Definition of exhort in English:


Syllabification: ex·hort
Pronunciation: /iɡˈzôrt


[with object and infinitive]
Strongly encourage or urge (someone) to do something: the media have been exhorting people to turn out for the demonstration [with direct speech]: “Come on, you guys,” exhorted Linda
More example sentences
  • He lauded the school for encouraging sports and exhorted young sportsmen to make strides in sports and academics.
  • The counsellor exhorts him to unswervingly stick to his ART regimen along with a rich, nutritional diet.
  • To get workers charged up, he exhorts his troops to act like entrepreneurs, take risks, and own up to failure quickly.
urge, encourage, call on, enjoin, charge, press; bid, appeal to, entreat, implore, beg
formal adjure
literary beseech


late Middle English: from Old French exhorter or Latin exhortari, from ex- 'thoroughly' + hortari 'encourage'.



More example sentences
  • He described Divine Beauty as ‘neither philosophy nor theology, neither spiritual nor doctrinal, neither critical nor exhortative but rather a delighted dance of all these elements’.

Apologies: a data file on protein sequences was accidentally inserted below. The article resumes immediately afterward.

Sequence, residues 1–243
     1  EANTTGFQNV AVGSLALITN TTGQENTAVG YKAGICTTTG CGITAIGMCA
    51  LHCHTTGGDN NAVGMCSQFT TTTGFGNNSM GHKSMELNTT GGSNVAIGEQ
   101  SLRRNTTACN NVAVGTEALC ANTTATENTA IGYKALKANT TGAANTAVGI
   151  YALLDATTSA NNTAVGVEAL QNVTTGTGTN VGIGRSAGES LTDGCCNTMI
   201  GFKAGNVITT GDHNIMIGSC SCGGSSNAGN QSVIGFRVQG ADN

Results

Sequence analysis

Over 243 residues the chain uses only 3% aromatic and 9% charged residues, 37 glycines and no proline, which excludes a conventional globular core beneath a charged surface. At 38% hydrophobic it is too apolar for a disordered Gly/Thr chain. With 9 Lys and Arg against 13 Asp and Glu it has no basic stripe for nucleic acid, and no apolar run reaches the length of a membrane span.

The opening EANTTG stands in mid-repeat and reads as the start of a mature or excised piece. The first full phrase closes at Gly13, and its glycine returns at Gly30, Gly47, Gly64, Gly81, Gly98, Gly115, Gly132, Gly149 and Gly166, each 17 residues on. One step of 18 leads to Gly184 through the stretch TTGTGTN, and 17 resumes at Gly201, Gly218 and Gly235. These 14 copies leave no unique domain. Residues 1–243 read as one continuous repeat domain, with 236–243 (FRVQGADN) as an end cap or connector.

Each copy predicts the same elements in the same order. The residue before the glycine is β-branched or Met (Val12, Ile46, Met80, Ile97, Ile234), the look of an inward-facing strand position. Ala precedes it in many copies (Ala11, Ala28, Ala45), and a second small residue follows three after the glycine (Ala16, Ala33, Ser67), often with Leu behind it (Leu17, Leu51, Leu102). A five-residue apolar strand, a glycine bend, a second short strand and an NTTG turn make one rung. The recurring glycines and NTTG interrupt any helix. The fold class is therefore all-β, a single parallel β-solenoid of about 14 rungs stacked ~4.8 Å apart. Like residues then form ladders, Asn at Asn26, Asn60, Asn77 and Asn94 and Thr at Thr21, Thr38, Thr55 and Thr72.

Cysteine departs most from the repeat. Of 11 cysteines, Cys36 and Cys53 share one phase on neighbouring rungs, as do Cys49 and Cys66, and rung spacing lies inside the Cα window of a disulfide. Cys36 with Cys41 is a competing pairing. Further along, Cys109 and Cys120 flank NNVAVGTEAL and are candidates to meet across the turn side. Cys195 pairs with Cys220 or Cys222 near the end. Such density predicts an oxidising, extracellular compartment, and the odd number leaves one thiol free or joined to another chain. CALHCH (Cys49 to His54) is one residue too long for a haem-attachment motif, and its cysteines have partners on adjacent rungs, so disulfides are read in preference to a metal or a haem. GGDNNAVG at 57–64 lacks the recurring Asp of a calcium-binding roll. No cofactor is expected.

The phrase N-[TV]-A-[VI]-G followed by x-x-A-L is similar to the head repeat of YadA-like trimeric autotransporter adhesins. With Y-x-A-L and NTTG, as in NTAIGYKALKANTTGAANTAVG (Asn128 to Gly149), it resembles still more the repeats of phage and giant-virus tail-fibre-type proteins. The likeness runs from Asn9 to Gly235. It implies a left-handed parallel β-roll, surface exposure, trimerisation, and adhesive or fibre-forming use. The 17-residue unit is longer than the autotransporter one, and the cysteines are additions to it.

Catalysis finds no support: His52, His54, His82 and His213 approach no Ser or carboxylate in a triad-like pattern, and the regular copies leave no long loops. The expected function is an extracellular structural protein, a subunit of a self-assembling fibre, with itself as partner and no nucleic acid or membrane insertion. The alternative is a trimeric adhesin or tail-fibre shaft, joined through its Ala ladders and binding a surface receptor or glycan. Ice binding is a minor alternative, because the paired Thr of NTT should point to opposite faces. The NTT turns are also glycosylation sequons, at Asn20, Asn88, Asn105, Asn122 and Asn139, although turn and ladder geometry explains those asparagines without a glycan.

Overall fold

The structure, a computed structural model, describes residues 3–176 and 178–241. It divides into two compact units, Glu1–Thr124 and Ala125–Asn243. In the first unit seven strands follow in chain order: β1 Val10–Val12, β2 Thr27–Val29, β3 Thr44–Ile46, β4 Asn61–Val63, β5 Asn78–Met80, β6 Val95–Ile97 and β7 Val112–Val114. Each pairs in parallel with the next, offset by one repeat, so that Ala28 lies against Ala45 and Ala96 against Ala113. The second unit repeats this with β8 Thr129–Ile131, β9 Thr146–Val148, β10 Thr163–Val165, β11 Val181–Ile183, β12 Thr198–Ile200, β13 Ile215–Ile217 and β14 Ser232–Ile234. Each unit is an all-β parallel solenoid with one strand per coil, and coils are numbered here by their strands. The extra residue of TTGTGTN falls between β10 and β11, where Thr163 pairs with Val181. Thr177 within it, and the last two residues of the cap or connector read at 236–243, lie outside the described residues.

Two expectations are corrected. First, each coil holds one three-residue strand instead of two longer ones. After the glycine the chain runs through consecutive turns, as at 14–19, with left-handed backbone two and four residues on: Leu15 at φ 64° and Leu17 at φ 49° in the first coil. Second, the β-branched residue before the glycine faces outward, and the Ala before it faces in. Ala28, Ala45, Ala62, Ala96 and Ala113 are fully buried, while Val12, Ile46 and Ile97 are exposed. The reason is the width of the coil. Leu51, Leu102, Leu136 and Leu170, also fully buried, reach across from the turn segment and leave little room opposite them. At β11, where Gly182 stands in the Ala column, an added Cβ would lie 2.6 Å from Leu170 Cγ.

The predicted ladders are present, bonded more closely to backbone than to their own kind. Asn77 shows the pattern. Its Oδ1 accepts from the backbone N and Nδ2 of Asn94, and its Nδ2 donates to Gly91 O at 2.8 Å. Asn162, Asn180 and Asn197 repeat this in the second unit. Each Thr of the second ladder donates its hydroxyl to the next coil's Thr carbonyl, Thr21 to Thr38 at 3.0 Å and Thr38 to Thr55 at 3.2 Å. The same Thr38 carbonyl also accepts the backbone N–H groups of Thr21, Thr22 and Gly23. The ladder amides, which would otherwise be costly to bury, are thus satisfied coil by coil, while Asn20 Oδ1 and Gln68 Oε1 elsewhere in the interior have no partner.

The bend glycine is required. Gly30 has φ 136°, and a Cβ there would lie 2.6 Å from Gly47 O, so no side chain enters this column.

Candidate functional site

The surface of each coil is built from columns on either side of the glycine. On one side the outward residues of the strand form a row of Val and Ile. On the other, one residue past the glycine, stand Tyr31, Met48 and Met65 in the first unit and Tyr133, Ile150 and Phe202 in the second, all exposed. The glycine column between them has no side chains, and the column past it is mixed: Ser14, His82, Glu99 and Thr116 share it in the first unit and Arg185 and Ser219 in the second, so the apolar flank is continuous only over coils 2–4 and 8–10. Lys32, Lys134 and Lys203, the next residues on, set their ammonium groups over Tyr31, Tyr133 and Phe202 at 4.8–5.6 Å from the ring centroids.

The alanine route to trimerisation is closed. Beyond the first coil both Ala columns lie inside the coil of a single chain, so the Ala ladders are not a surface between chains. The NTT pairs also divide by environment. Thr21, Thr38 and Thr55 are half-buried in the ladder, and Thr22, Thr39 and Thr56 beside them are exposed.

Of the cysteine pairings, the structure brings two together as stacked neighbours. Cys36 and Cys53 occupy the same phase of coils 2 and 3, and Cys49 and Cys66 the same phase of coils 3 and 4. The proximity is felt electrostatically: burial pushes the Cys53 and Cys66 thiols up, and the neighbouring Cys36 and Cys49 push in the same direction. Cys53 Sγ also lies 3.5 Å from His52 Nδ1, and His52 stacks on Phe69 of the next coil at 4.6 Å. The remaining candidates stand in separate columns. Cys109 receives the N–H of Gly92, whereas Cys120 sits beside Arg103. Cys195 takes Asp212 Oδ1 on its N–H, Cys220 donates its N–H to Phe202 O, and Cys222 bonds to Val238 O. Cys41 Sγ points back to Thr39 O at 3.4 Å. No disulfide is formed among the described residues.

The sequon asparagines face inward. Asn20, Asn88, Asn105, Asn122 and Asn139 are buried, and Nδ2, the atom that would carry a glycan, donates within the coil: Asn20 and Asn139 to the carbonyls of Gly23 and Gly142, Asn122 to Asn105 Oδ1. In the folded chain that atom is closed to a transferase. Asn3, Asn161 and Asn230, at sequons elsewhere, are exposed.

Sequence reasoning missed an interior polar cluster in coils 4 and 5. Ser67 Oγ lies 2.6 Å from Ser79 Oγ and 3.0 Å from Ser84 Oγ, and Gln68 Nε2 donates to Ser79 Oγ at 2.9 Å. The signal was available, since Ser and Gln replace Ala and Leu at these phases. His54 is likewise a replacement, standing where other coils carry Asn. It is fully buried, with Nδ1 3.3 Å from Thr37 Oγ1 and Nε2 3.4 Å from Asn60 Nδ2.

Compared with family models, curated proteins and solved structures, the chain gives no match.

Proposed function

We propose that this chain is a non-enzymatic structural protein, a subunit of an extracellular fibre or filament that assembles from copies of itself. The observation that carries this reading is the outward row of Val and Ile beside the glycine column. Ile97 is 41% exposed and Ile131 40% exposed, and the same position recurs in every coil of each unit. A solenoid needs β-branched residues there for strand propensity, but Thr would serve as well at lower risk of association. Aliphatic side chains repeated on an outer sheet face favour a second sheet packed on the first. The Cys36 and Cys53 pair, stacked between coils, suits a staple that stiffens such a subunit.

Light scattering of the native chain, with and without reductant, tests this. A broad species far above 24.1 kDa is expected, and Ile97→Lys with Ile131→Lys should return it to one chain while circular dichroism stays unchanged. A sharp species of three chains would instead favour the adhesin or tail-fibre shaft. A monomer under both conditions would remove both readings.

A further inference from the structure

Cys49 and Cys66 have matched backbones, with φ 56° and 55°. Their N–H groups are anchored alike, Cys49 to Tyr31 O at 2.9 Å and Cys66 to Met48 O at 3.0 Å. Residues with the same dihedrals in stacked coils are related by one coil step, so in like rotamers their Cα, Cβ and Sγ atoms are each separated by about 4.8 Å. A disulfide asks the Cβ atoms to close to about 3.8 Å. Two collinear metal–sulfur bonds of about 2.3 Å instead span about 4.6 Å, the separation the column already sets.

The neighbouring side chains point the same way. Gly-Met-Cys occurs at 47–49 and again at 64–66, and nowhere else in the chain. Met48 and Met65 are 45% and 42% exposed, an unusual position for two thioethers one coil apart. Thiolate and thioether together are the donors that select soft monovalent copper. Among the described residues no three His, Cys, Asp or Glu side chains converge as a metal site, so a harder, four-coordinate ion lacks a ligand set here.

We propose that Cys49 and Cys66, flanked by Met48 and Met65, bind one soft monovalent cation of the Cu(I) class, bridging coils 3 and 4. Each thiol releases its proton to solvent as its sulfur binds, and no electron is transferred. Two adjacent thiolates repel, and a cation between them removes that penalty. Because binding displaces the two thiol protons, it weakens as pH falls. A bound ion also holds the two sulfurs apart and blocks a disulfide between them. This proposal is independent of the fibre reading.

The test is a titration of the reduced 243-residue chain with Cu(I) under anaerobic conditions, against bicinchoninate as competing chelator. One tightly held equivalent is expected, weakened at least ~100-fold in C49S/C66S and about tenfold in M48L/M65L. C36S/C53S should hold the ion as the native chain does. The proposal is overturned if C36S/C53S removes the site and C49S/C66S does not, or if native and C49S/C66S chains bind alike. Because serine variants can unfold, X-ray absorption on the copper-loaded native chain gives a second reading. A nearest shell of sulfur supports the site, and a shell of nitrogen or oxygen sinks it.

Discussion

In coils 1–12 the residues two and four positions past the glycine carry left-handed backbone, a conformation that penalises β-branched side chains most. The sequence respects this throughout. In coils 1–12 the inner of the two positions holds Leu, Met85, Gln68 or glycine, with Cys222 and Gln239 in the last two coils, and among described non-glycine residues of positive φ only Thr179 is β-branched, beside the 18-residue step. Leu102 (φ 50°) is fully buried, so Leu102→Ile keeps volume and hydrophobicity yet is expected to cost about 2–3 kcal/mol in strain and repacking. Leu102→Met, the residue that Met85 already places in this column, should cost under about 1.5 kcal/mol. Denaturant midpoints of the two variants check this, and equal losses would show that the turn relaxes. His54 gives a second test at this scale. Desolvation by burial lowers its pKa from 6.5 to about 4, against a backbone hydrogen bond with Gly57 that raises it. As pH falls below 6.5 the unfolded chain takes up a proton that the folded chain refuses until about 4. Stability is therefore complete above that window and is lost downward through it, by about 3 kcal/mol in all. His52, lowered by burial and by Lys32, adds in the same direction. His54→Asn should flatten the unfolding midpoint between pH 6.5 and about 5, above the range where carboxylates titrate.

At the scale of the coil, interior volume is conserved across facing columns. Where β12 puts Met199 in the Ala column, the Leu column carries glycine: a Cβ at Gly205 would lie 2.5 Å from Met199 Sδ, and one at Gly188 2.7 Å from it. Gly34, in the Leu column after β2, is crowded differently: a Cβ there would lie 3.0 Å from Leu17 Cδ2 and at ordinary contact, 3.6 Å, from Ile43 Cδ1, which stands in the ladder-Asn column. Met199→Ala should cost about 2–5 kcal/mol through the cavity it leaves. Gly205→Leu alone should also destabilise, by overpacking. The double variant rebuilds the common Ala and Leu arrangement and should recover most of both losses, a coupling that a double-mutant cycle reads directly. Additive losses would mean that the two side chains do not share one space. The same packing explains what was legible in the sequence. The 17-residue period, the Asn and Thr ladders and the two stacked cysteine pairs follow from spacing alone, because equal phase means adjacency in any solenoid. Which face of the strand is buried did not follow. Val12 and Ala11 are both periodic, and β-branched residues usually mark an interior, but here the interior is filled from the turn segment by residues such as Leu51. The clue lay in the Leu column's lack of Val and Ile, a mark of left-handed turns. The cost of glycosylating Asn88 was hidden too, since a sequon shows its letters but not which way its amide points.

• My problem with today's liturgical bureaucracy is that it advances measurable technical goals at the same time it diminishes the more essential immeasurable exhortative ones at the heart of EACW.
  • Here, the voice is not imperative, and it does not try to address the viewer directly; rather, it is exhortative, and it implicitly addresses, in plain Italian, the Italian team.


Pronunciation: /-təˌtôrē/
More example sentences
  • There also is some superficial similarity with eugenicism in terms of an exhortatory jargon for human self-improvement, but I wouldn't press this point.
  • The President, we should note, is pretty much the only orator still using the exhortatory imperative form favoured by the Emperor Augustus and the other great chiefs of Roman history.
  • It is, of its nature, penal rather than exhortatory.


More example sentences
  • During the 18th century, John Wesley became a a fervent exhorter of work.
  • In addition to ministers, many Baptist churches had ruling elders, assistants, exhorters, deacons, deaconesses, elderesses, and evangelists.
  • In Delaware, Allen also encountered exhorters of the Methodist Society, then still affiliated with the Church of England.

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